A magical discovery! (This is definitely something that could inspire a novel..)
From Ancient Origins,
“It’s the song that ensured the stele would truly be an everlasting memorial because he didn’t just have the lyrics engraved, but rather also included the melody in ancient Greek musical notation.”
“The Song of Seikilos is the oldest complete surviving music composition in the world engraved in a marble stele that served as a flower stand. The beautiful composition, also known as the ‘Seikilos epitaph’, dates from around the first or second century AD, and was inconspicuously being kept in the garden of a Turkish woman prior to its current placement in the National Museum of Denmark.
The Song of Seikilos was discovered carved on a marble column-shaped stele in Tralleis, near Ephesus in Turkey, in 1883. Although short in length, this piece of the past has remarkable historical value in its rarity as an artifact. It is not the oldest song in the world, which is attributed to a Sumerian hymn, but it is unique as the sole composition which has remained complete throughout history.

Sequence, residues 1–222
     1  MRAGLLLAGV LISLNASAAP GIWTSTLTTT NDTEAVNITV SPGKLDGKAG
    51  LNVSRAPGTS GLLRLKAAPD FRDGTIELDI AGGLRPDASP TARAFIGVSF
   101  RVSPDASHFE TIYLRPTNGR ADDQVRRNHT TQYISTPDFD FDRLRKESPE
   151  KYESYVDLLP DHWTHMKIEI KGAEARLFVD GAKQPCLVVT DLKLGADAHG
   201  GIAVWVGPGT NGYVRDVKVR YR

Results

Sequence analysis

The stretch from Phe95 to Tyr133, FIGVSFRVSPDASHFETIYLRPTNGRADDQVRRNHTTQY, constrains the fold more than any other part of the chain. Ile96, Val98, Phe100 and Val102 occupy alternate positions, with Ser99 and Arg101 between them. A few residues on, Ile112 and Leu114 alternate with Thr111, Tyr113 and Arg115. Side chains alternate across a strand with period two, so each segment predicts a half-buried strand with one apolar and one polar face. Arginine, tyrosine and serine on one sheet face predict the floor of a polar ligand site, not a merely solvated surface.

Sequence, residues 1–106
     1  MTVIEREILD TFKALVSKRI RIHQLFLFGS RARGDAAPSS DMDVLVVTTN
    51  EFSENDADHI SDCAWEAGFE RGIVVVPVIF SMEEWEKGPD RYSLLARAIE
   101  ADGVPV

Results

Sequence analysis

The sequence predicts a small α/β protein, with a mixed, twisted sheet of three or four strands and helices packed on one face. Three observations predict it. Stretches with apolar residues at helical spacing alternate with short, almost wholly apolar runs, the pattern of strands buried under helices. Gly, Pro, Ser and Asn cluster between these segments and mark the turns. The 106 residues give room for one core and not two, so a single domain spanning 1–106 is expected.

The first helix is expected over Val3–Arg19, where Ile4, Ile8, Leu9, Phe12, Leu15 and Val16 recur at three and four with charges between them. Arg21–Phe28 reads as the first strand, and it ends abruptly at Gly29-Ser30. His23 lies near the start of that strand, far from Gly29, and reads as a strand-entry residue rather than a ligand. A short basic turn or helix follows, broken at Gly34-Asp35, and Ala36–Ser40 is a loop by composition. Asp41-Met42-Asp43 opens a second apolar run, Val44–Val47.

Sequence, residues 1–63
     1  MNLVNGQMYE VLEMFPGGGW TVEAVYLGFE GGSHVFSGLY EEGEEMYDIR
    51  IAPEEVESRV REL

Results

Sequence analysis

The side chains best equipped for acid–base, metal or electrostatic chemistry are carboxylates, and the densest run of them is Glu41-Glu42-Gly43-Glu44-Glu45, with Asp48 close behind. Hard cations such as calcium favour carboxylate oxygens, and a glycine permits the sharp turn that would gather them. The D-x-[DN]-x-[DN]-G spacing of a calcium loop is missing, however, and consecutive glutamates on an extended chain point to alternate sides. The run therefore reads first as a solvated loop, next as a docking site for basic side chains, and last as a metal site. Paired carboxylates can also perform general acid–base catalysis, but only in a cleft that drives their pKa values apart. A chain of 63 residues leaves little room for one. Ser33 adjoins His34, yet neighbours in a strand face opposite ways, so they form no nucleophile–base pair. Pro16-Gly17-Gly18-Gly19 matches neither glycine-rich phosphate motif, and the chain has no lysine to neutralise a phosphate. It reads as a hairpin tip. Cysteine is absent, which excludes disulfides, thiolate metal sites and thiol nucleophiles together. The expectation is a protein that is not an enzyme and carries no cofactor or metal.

The song of Seikilos was originally engraved on a tombstone, a stele, accompanying the message ‘from Seikilos to Euterpe“, together with a poem. Most researchers seem to agree that the song was a dedication by a man, named Seikilos, to his wife, possibly named Euterpe, who had passed away.
There are two different translations of the poem but the message remains the same: enjoy life to the fullest because death will come for all of us. The first translated version of the poems reads as follows:…”
For the lyrics, more pictures, and even a resurrection of the song itself, click here.